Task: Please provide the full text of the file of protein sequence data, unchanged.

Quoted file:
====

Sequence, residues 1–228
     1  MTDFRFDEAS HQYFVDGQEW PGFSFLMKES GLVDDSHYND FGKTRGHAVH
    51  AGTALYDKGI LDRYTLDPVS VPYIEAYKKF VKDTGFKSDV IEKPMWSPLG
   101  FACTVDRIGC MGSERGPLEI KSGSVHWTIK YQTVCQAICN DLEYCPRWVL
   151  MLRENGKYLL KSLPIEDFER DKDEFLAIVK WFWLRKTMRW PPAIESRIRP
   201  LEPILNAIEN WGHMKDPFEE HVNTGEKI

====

Sequence, residues 1–228
     1  MTDFRFDEAS HQYFVDGQEW PGFSFLMKES GLVDDSHYND FGKTRGHAVH
    51  AGTALYDKGI LDRYTLDPVS VPYIEAYKKF VKDTGFKSDV IEKPMWSPLG
   101  FACTVDRIGC MGSERGPLEI KSGSVHWTIK YQTVCQAICN DLEYCPRWVL
   151  MLRENGKYLL KSLPIEDFER DKDEFLAIVK WFWLRKTMRW PPAIESRIRP
   201  LEPILNAIEN WGHMKDPFEE HVNTGEKI